January 14, 2002|
Email Address Change Please note: the University of Alberta appears to have terminated by email account firstname.lastname@example.org - at least, it doesn't like my password any more, which is generally a bad sign (on the bright side - I'll get less spam). So if you are trying to contact me, please use email@example.com - an email address that, I promise, will never change even if my employment or my residence does.
By , , .[Refer]
Edumed News Launched yesterday (January 13), Edumed News is a free on-line newsletter for news and events on distance education and information technology in medicine and health. It is an official publication of the Edumed Institute for Education in Medicine and Health. The newsletter (it is not a discussion group) is based in Yahoo Groups, but you do not need to register to view the messages.
By Renato M.E. Sabbatini and Silvia Helena Cardoso, Edumed Institution for Education in Medicine and Health, January 13, 2002.[Refer]
Teacher Focus A new online resource for educators, Teacher Focus includes a teacher forum, a calendar with incoming professional
conferences and other events, and a resource directory with links to educational topics, professional development, grant opportunities, and more.
By , , .[Refer]
Very Big Pipes
Even after the demise of Napster, file sgaring continues to be a major activity among college and university students. Fle sharing and the many other activities that make up educational internet traffic are clogging university internet connections. " Clearly... students were more eager to go online than even he, a longtime fan of the Internet, had expected. Even with limits on bandwidth use, the network pipes were still vulnerable to bursting."
By Lisa Guernsey, New York Times, January 13, 2002.[Refer]
Specifying Requirements With a Wall of Wonder
A good piece for people developing online courses and educational software, this article recommends the use of a 'Wall of Wonder' as a tool to facilitate collaboration. Having worked with similar 'walls' on various projects in the past, I can personally attest to its usefulness in creating an open and collaborative atmosphere. This article expands on the concept, lists tools and processes, and provides a good example of the wall in use.
By Ellen Gottesdiener, The Rational Edge, January, 2002.[Refer]
$1B US for Education? Commentary on the US vs Microsoft Settlement Failure Schools may not be getting a billion dollars worth of software, writes the author, but as a result they may be better off. Microsoft software would have come with Microsoft licenses, meaning that schools would have been looking at leasing their software in the future rather than owning it outright. "Leasing software may make sense for a large corporation due to its favorable tax treatment in the US, however it is not an alternative for schools."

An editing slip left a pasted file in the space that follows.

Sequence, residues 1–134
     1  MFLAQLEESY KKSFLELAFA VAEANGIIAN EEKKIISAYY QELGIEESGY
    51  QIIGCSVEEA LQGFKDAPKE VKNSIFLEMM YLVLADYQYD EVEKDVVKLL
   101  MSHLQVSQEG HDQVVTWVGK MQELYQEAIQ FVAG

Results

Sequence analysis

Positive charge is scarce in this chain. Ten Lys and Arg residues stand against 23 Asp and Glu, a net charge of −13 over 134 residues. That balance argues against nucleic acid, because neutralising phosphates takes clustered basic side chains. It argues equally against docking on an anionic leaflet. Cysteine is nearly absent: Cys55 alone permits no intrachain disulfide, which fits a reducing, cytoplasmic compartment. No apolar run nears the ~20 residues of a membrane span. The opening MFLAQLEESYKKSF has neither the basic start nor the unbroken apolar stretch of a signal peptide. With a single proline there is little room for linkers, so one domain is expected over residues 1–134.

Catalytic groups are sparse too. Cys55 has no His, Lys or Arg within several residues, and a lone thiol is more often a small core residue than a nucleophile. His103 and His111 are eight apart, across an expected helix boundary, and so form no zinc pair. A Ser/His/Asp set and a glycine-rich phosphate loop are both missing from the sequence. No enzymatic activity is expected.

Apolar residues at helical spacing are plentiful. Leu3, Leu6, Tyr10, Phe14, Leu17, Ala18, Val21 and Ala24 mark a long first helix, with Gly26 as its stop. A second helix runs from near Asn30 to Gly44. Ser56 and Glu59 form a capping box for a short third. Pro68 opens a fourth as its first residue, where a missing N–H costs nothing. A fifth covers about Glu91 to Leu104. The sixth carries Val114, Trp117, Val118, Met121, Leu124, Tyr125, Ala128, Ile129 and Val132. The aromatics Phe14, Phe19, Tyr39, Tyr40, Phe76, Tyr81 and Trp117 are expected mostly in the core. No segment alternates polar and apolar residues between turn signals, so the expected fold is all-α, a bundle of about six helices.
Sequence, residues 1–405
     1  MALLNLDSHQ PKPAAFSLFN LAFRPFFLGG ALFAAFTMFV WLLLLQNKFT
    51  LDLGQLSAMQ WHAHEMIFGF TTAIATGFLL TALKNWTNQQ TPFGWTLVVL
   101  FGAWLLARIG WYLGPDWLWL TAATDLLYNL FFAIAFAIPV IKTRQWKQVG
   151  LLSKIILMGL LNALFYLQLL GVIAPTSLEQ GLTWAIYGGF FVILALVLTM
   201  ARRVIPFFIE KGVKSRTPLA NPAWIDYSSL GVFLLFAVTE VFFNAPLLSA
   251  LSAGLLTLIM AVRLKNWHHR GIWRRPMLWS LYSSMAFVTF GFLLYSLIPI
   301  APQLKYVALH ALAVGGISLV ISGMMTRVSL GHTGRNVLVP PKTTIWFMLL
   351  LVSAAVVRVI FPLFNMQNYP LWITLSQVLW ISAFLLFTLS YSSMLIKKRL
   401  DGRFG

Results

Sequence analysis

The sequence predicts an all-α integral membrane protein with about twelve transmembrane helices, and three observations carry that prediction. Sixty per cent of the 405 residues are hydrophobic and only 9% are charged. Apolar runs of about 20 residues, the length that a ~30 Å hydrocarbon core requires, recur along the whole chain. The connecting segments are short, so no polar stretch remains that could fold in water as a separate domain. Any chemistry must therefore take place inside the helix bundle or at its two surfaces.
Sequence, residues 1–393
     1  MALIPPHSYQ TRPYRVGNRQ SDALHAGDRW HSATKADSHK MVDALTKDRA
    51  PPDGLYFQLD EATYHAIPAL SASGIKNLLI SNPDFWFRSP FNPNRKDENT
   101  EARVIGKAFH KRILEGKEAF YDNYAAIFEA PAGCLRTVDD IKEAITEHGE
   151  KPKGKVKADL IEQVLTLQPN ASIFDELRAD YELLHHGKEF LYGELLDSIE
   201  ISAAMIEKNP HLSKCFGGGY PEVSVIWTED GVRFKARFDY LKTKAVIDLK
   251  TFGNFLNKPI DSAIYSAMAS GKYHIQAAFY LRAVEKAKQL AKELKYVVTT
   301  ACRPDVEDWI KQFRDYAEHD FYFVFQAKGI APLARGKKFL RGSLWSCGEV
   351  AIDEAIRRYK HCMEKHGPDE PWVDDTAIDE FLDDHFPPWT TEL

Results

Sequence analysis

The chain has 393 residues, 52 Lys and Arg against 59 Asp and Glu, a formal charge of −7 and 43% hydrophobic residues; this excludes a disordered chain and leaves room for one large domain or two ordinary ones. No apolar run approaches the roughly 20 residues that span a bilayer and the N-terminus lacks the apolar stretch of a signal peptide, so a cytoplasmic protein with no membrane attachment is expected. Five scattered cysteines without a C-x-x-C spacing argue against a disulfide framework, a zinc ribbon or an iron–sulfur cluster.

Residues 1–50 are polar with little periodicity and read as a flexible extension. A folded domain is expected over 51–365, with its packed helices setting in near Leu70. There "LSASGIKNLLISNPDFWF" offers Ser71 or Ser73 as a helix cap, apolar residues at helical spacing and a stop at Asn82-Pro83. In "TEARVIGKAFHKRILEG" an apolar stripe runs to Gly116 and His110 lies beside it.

By Wade Hampton, Open Source Schools, January 14, 2002.[Refer]
SchoolForge Coalition Formed to Advance Open Resources in Education Patterned on the open source software initiative called SourceForge, SchoolForge, founded January 8, is intended to be a central repository for open source projects related to education. SchoolForge provides open source resources, fosters the development of new resources, and serves as a focal point for people interested in free and open source educational solutions.
By Press Release, SchoolForge, January 8, 2002.[Refer]
The Teachers' Place Sponsored by UNICEF, The Teachers' Place provides resources and discussion for teachers interested in learning about and teaching interdependence, peace, social justice and the rights of young people. The resources on the page encourage students to take action on global issues. Not surprisingly, the site attracts a more global audience than most, so be prepared for some views that might not be expressed in your own country. In English, French and Spanish.
By , UNICEF, .[Refer]
Babel and the Vintage Selection: Libraries in the Digital Age
While computers are not new to the library, the author asserts, the advent of electronic textx and internet connectivity create a new reality for the librarian. Their very means of interacting with the text has changed. This article is in French but you can obtain a rough translation working with Google - http://www.google.com/language_tools - and while the words don't always come out right, the flavour of this innovative and Biblical look at the library shines through.
By Bernard Huchet and Emmanučle Payen, text-e.org, January 14, 2002.[Refer]
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